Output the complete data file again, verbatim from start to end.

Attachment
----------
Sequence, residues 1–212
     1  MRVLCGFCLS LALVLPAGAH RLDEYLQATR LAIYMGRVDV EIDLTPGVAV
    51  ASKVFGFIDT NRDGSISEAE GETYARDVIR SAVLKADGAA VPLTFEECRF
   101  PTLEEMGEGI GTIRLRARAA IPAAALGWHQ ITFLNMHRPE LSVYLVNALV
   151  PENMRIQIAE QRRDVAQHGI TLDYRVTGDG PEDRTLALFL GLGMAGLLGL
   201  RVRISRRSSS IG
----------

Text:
Sequence, residues 1–212
     1  MRVLCGFCLS LALVLPAGAH RLDEYLQATR LAIYMGRVDV EIDLTPGVAV
    51  ASKVFGFIDT NRDGSISEAE GETYARDVIR SAVLKADGAA VPLTFEECRF
   101  PTLEEMGEGI GTIRLRARAA IPAAALGWHQ ITFLNMHRPE LSVYLVNALV
   151  PENMRIQIAE QRRDVAQHGI TLDYRVTGDG PEDRTLALFL GLGMAGLLGL
   201  RVRISRRSSS IG